Homily for the Third Sunday in Lent
Rev. Richard Eslinger
The scene is the Passover in Jerusalem at the Temple on Zion. This is an especially hectic time to be on Temple Mount--the usual noises of people praying, buying and selling, and animal sounds, all amplified by the huge crowds. And here is Jesus, fresh from that wedding in Cana up in Galilee, come to the Festival. Except now things go from hectic to chaotic. It is like a film that opens with rapid shots of growing tension. Jesus, somewhat apart from the hustle at the in-Temple marketplace, weaving a whip out of cords. That task completed, he strides right into the crowd, moving through them to the place of exchange and commerce. Then comes the action, whip flying, tables upset with a bang, sheep and oxen bleating and braying, wild-eyed with panic. Doves fling off into the sky, their cages smashing against the stone pavement. Then a voice over it all: “Take these out of here, and stop making my Father’s house a marketplace.” What a way to begin the ministry of the Son of God. First, the joy and celebration of a wedding banquet in Cana of Galilee. Then, hard on its heels, a near riot in the Holy Temple in Jerusalem. How in the world do these things go together? And what does Jesus mean by this direct action on Temple Mount?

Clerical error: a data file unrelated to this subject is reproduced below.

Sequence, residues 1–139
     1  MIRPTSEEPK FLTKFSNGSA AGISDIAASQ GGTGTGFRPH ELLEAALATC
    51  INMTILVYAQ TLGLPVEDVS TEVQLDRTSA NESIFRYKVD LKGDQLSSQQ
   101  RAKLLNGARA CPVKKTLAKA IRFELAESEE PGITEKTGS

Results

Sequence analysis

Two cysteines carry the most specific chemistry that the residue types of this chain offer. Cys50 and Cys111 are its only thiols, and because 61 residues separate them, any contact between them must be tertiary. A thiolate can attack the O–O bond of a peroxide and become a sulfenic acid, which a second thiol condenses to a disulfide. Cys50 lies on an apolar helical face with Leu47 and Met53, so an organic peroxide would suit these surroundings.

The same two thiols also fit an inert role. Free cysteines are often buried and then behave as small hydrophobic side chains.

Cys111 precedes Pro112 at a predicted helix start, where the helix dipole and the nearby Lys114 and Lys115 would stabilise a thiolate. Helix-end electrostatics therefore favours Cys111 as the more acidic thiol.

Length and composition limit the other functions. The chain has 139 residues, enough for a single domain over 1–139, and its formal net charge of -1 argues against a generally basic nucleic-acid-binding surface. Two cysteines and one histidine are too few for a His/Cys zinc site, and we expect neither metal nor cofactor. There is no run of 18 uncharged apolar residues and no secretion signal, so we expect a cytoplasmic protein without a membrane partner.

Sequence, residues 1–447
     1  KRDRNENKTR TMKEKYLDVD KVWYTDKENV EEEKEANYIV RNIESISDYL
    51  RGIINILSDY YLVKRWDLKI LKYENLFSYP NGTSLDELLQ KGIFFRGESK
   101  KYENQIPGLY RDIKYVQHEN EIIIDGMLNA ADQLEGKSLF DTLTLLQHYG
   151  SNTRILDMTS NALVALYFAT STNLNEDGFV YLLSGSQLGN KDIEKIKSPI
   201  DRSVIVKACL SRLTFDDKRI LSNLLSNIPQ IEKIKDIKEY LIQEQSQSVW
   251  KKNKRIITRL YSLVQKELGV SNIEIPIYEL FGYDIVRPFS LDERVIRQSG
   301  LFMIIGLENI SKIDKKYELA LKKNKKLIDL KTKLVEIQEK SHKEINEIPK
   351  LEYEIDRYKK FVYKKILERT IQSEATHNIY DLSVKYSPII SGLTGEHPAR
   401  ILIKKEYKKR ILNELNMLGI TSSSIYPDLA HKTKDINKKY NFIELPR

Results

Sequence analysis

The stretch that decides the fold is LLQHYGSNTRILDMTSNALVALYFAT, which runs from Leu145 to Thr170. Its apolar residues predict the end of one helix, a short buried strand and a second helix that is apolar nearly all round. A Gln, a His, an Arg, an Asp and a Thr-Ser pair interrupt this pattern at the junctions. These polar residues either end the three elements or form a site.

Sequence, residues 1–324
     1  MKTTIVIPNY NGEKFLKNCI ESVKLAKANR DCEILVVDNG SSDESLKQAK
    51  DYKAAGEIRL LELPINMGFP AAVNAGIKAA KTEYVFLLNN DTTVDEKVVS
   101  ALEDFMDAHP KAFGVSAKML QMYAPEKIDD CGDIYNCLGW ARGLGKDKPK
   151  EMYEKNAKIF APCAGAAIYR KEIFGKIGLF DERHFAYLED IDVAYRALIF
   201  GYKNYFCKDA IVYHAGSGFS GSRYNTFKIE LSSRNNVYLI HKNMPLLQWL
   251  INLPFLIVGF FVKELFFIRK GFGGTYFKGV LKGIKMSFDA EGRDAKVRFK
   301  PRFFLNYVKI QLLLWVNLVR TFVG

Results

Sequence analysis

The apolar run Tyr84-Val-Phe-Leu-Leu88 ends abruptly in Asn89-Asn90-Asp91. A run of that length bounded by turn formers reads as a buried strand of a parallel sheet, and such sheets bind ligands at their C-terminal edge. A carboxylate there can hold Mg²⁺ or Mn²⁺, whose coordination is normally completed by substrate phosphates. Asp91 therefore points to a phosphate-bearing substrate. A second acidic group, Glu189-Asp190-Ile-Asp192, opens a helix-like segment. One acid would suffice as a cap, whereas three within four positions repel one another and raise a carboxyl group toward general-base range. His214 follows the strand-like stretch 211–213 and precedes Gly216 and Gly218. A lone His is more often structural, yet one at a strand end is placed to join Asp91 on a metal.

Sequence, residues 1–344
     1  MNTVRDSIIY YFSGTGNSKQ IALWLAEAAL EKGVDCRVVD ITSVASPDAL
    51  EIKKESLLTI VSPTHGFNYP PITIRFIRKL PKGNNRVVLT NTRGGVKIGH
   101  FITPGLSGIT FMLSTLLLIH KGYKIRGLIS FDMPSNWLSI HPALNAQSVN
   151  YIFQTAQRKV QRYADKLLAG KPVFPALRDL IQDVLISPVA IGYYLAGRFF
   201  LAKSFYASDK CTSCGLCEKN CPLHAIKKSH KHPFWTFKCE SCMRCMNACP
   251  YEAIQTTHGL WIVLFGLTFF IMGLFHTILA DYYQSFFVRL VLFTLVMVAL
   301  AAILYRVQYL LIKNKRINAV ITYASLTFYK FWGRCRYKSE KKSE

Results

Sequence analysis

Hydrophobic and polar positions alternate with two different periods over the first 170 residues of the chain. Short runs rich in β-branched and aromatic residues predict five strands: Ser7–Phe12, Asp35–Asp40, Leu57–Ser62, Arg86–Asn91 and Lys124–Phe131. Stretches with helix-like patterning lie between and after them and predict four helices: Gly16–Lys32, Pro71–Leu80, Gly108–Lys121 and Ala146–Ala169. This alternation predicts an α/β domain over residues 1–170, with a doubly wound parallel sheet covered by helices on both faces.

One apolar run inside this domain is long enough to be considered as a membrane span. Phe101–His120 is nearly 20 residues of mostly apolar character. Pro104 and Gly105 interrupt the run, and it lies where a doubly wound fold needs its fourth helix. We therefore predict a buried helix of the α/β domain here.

Well, at its most obvious level, Jesus is ridding the House of God of the crass selling of all sorts of things for the benefit of the “merchants of religion.” The piety of God’s people is being used, manipulated, for profit. God is “for sale” and it is a seller’s market. Now we’re not talking a parish Lenten fish dinner open to the public here. No, the fish dinners are lovingly prepared and worth every penny. But here, in the most holy place in Jerusalem, pilgrims are being exploited by those with a Temple franchise to sell essentials needed for their worship. And the Passover is the best season for sales, much like our American Christmas season is today,…best season for profit. We look at the scene, listen to the snap of the whip, the shouts of the crowd, the noise of the animals, and wonder where all this is going to lead. Is a cross only days away, as Matthew, Mark, and John suggest? Or is this the inaugural act of the ministry of the One who is light of the world. Still, we do nod in agreement at one thing,...there are still a lot of merchants of religion around, hawking God for a price. All you have to do is scroll down through the cable networks to some religious programs. There is one of the TV evangelists, telling you how to gain health, wealth, and blessing by contributing to the “ministry.” The 800 number crawls across the screen for you to use to buy these blessings. And CDs of the evangelist’s messages are also available for sale (“all major credit cards are accepted for your convenience”). It is a system set up for profit and sometimes for the abuse of the faithful. But whenever the children of God are being exploited for the gain of some few merchants, Jesus’ words ring out over the noise: “Stop making my Father’s house a marketplace.” The blessings of the Holy One of Israel are not up for sale. Not in the house of our God.